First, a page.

I'm a bit confused by the rules on this one. Do all the submissions have to be photos taken after June9th and all have to be taken between midnight and 4am. I'm seeing a lot of them that were taken before June 9th. If those will be considered.. I have more I could enter. I have some nice ones (at least I rather like them) that were taken well after dark in the winter but the time was only 9:00pm. As it is.. here is my one entry so far that was taken within the time/date requirements: http://yourshot.nationalgeographic.com/photos/3916515/
Good luck to everyone! :)
Lots of great astrophotos here, lots of great shots I want to emulate. My humble submission: http://yourshot.nationalgeographic.com/photos/3908022/
I hope this does not start a trend where all assignment photos must be taken within the dates when the assignment is open. I am strictly an amateur photographer and do not have the time to devote to an assignment like a professional.
Had to like this one. Way to go बिलाल जाफ़री After midnight lol.
I'm actually having some problems with my account:
1) I'm not able to set the categories correctly, because the fields are completely mixed up and I'm always getting an error message when I'm trying to save my changes.
2) Every time I like a photo from the other members, the heart gets yellow first, but than the favorite disappears after a while :(
Anyone having the same problems?
@Svenn Dvergastein Agreed! (from Alaska)
@Linda Wax Hi Linda - I just sent you an email from our support site requesting some additional information so that we can figure out what's going on.
@J. Grinyar Epic comments - I would have led with the wine lol - classic
@Christopher Haslett Hi Christopher - thanks for letting us know about this -- we'll take a look. You can click on the "help" link at the top of every page to access our help site and to contact us (the link is just below the "my photos" button).
@Ian Labuschagne I am hoping for a new assignment, too, Ian. To be honest, I have not submitted much for the last three and I am hoping for something new that will inspire me.
@Ian Labuschagne I think it is usually one week after the submission
@Keith Marsh I think the article explaining the exposure was a little misleading unless you seen the images that are in the reference article. When I shoot at night, I do a lot of research regarding the moon phase and weather at the location I want to shoot at. I do not shoot the stars or much night shooting unless there is NO moon. I also watch for extreme temperature fluctuations and humidity. You also have to watch for light pollution. If you are going to shoot the moon, expose the moon and only the mood, which you will find will be a fast shutterspeed. I was planning on my last night shoot I just did for a while (1yr), since had to wait for all possible elements to line up then go out on a hope and prayer that everything comes together. I did everything from basic night shots(DSLR and cell phone), light painting and 1 hr exposures. And it just so happened to fall in time for this assignment. Good luck and it is great that people are working on this assignment.
@Keith Marsh The moon is a very bright subject. I'm having trouble imagining what the result would be with a 128 sec exposure. I've shot the moon at auto settings and if I remember correctly the exposure was 1/50 sec or something like that. But then it was the centerpiece of the frame and not a small detail.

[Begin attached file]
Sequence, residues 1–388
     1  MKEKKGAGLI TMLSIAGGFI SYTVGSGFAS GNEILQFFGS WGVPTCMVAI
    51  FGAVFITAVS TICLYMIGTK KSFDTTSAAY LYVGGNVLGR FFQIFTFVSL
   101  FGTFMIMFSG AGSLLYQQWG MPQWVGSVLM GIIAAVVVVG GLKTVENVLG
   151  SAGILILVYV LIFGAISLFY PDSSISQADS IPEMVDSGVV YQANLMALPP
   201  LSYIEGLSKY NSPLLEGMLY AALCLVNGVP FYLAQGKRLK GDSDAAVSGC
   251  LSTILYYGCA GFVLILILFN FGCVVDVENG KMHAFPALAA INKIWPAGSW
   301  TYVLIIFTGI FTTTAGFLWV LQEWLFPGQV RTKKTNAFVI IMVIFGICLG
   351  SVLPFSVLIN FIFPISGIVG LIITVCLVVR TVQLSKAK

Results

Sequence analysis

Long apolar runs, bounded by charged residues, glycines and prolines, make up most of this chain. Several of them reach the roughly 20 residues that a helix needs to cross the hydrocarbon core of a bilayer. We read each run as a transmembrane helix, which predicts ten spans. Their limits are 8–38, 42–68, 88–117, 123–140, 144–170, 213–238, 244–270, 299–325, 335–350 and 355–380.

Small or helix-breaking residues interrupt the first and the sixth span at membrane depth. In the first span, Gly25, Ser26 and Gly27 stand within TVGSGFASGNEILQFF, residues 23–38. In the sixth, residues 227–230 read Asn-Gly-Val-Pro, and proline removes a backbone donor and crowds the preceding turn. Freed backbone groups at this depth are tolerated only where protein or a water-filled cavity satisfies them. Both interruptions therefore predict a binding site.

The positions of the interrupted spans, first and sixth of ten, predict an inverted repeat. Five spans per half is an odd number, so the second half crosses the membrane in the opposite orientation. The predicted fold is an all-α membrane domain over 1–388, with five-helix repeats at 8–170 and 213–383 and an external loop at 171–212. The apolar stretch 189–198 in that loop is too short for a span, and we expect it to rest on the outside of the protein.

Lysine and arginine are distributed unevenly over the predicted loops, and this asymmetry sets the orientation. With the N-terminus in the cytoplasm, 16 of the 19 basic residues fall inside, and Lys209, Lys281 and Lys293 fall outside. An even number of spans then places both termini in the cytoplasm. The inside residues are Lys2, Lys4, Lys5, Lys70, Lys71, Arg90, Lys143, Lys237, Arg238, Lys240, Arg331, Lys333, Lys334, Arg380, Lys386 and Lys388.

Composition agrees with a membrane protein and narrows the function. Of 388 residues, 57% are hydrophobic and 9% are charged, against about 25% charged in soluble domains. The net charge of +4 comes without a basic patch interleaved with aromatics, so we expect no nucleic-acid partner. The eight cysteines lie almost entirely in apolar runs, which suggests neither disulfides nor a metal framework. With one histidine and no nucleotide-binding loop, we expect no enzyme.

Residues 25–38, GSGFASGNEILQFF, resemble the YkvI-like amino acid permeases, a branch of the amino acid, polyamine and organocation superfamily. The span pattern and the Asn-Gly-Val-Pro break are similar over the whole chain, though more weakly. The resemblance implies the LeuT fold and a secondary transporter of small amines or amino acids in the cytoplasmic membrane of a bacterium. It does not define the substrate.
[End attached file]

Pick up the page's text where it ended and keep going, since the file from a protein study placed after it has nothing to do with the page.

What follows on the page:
@Dail Singleton I too am an amateur photographer, work full time and have a family (and I am no spring chicken). I don't think they do this to burden you, I think when they put time lines down it is to give you something to shoot, ideas basically. I take assignments as go out and shoot a topic, not to go through archives (like what you would do for competitions). I don't mean to sound defensive or argumentative, but what I have experienced on other sites and in photoclubs is that people, especially amateurs, could use an idea of what to shoot. In my humble opinion, they should all be like this. Sure it is limiting at times and some great work missed, but it gives you something to shoot (when you can).
@Dail Singleton This looks like an exceptional case to me.
If you are using an Ipad, it takes time for the heart to react. If you happen to tap it a second time it will first go yellow than will change again.
@Kai Schenke It seems there could be a few technical issues at NatGeo's end. I'm sure they'll be resolved soon. Today I am being forced to sign in every few minutes, which is not normal.
Re your first problem, that could be a browser rendering issue. Is your browser up to date?
@Sacha Layos @Svenn Dvergastein If you will check the Editors' favorites you may see that the Editors like that "natural event" within the range of the assignment. Actually they even mentioned in their assignment about this type of photography: "For those of you way up in the Northern Hemisphere you’ll have the midnight sun to work with. And for those of you way down south, who knows, maybe an amazing display of the aurora australis?"
Thank you Stephen. How considerate.
I am working on responding to the email.
This comment box seems to be working now. Assuming this will post.
Not sure if anyone else had the problem yesterday .
Basically the open photo would show me I had a few favorites when I had already looked at dozens of likes in my gallery.
For example my photo 'Night Watch', (not in this contest), said I had 3 hearts when at the time I had already seen about 35+.
It seems as if it is more aligned today, though I haven't actually confirmed that.
Thank you for your help.
@M Loranger Thanks for your help, it's the same on PC with different browsers. But it seems as if I'm not the only one with that kind of problems...
Thank you very much, Christopher. I think my browser is up to date, but I'll check it. Have a nice evening!
@Linda Wax Stephen is wonderful about helping with tech issues. He helped me too.